Maria Thattil Is on a Mission to Redefine Power, Strength, and Worthiness


Warning: This article deals with the topic of targeted violence and/or discrimination against a group and may be triggering for some readers.

Last November, I stood on a stage in front of Australia’s most powerful women and received Marie Claire’s ‘The Voice of Now’ award at their annual Women of the Year Awards. It was surreal to be recognised alongside game-changing women for my voice when as a queer child of immigrants, I didn’t believe that it mattered.

Growing up, every space I looked to was poisoned by racism and homophobia. Poisonous ideologies that I ingested which made me believe I didn’t matter.

These beliefs were reinforced by a society where the most prominent representation of South Asian people was Apu on “The Simpsons” an exaggerated caricature, racism was spewed rampantly and there was no representation of people like me in powerful spaces.

From business to politics, fashion to media, I was nowhere to be found and felt like I needed to occupy skin that wasn’t my own to be enough.

Exploring My Sexuality

I felt this way when it came to exploring my sexuality too. Coming from a culturally conservative and religious family, I inherited my beliefs from limiting frameworks that taught me to be ashamed of my full capacity for love as a queer woman.

Despite weakening in thrall to poisonous stories, I still had hope that one day, the landscape would change and it would allow me to feel powerful, strong and worthy. One day it hit me: instead of waiting for this to happen, I could initiate it by first amplifying my truth and including myself in my concepts of power, strength, and worthiness.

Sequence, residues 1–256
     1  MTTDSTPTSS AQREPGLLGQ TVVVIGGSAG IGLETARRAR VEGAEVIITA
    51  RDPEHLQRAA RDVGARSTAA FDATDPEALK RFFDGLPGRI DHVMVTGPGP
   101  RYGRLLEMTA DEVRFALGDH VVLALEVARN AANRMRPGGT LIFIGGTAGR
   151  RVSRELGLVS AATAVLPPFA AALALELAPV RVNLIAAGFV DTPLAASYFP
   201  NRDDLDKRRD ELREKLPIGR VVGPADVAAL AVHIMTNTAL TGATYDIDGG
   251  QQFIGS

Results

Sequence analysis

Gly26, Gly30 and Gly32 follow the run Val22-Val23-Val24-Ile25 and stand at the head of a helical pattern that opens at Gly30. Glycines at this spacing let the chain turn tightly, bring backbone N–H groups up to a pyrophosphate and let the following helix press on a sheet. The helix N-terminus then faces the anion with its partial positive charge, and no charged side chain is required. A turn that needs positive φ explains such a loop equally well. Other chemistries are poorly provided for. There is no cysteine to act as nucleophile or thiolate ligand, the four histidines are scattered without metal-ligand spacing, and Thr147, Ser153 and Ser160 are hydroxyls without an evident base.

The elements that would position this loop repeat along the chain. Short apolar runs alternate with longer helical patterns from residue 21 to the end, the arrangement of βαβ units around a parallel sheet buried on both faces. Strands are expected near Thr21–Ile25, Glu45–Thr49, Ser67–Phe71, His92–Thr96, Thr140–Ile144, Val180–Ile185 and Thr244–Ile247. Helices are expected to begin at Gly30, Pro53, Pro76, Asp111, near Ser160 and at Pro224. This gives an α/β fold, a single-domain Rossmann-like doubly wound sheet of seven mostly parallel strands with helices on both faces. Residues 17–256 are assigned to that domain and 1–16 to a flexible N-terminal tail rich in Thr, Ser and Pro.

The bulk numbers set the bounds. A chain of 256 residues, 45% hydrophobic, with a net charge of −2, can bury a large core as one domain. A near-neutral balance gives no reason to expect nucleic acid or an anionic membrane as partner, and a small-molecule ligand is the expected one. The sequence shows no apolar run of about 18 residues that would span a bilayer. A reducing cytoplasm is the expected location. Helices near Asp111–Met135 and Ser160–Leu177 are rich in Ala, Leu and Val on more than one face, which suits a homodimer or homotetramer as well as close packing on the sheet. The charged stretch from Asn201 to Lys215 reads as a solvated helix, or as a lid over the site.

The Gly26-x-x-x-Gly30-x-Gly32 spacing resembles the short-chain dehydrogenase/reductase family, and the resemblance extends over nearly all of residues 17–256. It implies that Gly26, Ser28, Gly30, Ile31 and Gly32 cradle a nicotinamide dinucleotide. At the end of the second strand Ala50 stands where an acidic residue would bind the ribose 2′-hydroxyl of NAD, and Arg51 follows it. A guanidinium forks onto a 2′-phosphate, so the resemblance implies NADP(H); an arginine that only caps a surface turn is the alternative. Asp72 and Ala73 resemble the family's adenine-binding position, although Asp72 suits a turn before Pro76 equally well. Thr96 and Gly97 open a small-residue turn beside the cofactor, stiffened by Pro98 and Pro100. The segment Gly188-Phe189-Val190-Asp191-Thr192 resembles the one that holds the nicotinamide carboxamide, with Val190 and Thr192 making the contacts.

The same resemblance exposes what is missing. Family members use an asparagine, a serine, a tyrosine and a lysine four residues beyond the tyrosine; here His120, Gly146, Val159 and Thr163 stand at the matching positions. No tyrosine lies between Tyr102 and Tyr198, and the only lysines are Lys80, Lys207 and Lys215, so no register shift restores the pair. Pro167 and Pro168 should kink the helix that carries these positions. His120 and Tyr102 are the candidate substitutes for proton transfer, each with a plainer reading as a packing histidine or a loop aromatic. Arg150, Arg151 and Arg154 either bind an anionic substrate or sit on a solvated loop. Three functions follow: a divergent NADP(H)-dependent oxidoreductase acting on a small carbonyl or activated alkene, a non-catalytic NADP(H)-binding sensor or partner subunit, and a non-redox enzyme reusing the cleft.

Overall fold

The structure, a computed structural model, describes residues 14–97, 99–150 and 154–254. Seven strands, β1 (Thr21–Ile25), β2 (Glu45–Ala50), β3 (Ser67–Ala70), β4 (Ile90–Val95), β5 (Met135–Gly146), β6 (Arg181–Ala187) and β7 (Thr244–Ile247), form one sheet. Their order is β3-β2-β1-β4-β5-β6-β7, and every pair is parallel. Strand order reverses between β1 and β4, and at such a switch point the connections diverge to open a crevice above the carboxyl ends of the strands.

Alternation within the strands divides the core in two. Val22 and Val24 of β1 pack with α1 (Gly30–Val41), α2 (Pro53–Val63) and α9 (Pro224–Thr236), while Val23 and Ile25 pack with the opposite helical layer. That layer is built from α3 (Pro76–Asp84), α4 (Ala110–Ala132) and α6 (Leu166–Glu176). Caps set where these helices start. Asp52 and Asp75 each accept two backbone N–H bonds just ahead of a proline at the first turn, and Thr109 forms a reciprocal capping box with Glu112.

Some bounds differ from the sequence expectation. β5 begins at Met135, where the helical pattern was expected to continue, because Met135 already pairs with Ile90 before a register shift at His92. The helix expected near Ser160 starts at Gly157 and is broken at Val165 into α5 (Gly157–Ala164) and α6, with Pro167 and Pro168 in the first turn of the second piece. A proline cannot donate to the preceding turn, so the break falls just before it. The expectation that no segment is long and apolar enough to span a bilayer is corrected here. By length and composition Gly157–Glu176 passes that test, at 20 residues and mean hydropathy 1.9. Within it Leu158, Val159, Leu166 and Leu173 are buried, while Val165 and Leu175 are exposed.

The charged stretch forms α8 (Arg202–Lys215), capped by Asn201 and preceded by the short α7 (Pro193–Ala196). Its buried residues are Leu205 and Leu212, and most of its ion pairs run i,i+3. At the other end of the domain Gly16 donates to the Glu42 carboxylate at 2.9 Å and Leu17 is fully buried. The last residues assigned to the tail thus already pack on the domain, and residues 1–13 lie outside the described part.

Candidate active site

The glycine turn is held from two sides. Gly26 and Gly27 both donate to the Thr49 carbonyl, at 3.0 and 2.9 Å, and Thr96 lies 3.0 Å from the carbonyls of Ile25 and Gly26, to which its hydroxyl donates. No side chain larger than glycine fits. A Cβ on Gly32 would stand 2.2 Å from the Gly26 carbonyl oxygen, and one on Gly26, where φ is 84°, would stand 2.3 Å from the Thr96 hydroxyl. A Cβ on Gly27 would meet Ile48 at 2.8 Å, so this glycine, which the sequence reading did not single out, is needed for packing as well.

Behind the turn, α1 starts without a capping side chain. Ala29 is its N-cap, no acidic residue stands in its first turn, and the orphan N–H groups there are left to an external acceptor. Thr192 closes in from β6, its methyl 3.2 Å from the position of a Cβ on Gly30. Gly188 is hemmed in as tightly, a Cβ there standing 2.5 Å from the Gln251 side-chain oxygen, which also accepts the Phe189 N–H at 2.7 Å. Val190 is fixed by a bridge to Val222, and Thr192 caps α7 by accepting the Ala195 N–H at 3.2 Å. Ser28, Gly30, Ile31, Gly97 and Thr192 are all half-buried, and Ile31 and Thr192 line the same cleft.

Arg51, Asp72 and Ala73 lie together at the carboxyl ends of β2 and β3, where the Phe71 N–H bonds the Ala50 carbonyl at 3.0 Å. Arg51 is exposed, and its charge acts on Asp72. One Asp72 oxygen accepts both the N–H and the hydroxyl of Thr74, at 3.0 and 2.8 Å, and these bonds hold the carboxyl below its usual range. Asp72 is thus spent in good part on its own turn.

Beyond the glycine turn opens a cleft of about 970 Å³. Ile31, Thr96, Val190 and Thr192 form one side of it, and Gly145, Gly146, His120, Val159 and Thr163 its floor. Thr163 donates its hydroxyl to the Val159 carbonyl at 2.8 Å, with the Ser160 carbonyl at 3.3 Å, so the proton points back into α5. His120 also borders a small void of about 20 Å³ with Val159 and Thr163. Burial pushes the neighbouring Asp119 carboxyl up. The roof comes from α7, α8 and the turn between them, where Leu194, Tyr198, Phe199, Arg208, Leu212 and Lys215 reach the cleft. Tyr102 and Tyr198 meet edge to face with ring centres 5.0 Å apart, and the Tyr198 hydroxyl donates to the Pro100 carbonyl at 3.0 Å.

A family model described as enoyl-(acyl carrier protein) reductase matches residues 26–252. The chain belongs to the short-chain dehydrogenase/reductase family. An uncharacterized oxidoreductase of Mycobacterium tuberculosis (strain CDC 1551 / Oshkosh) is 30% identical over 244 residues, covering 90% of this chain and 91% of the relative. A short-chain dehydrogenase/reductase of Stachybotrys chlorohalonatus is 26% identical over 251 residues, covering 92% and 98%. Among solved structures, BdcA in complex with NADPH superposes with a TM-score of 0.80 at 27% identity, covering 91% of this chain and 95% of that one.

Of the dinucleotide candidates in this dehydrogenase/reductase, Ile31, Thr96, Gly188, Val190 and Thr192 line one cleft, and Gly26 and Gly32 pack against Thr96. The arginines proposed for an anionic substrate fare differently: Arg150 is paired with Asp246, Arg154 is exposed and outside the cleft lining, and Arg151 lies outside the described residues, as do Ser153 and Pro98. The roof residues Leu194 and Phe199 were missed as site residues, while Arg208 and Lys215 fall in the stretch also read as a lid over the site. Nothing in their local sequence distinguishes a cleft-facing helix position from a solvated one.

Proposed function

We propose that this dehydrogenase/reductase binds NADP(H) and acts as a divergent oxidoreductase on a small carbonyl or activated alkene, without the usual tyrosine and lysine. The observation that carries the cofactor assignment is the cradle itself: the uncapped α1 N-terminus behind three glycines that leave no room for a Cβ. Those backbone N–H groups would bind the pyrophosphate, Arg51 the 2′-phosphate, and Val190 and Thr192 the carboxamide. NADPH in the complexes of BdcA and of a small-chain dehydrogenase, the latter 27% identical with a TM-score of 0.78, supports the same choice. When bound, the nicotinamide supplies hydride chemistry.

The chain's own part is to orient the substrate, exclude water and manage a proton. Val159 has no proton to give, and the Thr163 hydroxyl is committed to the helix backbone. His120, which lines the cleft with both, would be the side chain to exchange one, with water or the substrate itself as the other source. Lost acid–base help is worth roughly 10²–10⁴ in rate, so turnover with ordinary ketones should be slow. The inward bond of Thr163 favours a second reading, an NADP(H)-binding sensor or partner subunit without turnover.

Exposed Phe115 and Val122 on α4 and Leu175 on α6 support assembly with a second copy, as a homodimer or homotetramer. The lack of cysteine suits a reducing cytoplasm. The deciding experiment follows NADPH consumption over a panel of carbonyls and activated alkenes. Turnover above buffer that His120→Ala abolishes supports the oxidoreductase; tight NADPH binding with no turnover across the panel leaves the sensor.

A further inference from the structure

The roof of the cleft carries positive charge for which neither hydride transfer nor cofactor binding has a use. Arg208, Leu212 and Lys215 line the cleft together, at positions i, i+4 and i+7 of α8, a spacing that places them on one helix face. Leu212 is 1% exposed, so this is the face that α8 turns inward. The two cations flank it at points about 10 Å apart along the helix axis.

That realisation led me to strategise and venture to the Miss Universe stage. As only the third woman of colour to represent my nation, I brought Australia to the top 10 and challenged international discourse about what it is to be ‘Australian’. I then used the platform to forge a media career where I’ve since become a published author with “Unbounded”. As well as a TedX speaker, actor, presenter, and columnist who partners with brands in meaningful capacities. It’s the stuff that dreams are made of.

The Power of Using Your Voice

I went from being a little girl using skin-bleaching creams to an openly queer, brown woman headlining campaigns like Olay’s 2023 Sydney World Pride campaign, featured alongside my parents. People who were once conditioned to believe that my community was ‘wrong’ and had no place in the faith they held close stood alongside me and declared to the world that my community teaches the world to lead with love.

That’s the power of using your voice. It can evolve even the most rigid perspectives. I used mine with the intention of being the public voice that I needed. Because the only way to suck the poison out is by telling your stories.

No matter who you are, your voice matters because using it births possibility. My Women of the Year Award sits proudly on my mantle, but the true reward is the impact that one’s voice has. I encourage you to fearlessly claim yours.

If this article brings up any issues for you or anyone you know, or you have experienced targeted violence or discrimination, please contact Lifeline (13 11 14), Kids Helpline (1800 55 1800), both of which provide trained counsellors you can talk with 24/7. If you are in immediate danger, call 000.

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